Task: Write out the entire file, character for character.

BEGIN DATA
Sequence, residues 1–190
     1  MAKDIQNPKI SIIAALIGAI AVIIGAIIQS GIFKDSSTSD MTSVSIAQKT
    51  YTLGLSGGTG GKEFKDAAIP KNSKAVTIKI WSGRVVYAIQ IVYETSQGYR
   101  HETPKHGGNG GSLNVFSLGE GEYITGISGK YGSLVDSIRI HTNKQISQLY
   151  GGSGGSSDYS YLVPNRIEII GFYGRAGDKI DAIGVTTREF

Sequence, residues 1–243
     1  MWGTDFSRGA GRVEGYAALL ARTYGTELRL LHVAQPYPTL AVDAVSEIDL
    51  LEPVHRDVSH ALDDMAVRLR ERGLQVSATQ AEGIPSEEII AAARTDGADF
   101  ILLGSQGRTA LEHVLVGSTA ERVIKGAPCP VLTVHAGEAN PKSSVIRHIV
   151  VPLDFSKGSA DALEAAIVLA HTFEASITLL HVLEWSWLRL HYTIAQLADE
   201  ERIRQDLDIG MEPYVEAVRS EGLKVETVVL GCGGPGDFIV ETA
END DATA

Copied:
Sequence, residues 1–190
     1  MAKDIQNPKI SIIAALIGAI AVIIGAIIQS GIFKDSSTSD MTSVSIAQKT
    51  YTLGLSGGTG GKEFKDAAIP KNSKAVTIKI WSGRVVYAIQ IVYETSQGYR
   101  HETPKHGGNG GSLNVFSLGE GEYITGISGK YGSLVDSIRI HTNKQISQLY
   151  GGSGGSSDYS YLVPNRIEII GFYGRAGDKI DAIGVTTREF

Sequence, residues 1–243
     1  MWGTDFSRGA GRVEGYAALL ARTYGTELRL LHVAQPYPTL AVDAVSEIDL
    51  LEPVHRDVSH ALDDMAVRLR ERGLQVSATQ AEGIPSEEII AAARTDGADF
   101  ILLGSQGRTA LEHVLVGSTA ERVIKGAPCP VLTVHAGEAN PKSSVIRHIV
   151  VPLDFSKGSA DALEAAIVLA HTFEASITLL HVLEWSWLRL HYTIAQLADE
   201  ERIRQDLDIG MEPYVEAVRS EGLKVETVVL GCGGPGDFIV ETA